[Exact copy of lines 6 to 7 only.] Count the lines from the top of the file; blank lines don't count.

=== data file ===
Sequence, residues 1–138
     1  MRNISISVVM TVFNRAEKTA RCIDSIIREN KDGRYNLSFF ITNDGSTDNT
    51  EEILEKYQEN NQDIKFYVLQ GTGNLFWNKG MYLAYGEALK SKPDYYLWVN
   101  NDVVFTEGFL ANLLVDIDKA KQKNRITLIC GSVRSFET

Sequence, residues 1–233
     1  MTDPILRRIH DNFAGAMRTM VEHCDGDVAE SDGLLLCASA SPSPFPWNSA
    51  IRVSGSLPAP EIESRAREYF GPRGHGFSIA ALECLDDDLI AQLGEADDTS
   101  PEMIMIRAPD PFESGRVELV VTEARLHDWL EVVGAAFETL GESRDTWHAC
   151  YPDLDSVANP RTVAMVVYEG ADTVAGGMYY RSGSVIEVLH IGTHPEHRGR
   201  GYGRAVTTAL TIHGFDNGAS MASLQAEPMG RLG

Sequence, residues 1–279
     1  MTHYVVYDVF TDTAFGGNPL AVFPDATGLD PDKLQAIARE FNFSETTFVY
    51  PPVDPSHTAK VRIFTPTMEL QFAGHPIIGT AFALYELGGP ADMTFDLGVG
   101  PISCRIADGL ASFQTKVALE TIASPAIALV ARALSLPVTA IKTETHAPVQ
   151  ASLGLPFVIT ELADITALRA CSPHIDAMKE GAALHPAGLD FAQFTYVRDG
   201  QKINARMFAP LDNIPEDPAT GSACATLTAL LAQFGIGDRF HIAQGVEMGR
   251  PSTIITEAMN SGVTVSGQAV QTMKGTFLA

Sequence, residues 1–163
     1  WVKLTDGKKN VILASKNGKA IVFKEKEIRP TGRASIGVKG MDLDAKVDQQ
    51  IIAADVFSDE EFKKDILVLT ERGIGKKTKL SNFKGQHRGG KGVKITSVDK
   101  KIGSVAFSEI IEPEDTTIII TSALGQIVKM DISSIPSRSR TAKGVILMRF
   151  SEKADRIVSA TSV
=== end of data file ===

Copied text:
     1  MTDPILRRIH DNFAGAMRTM VEHCDGDVAE SDGLLLCASA SPSPFPWNSA
    51  IRVSGSLPAP EIESRAREYF GPRGHGFSIA ALECLDDDLI AQLGEADDTS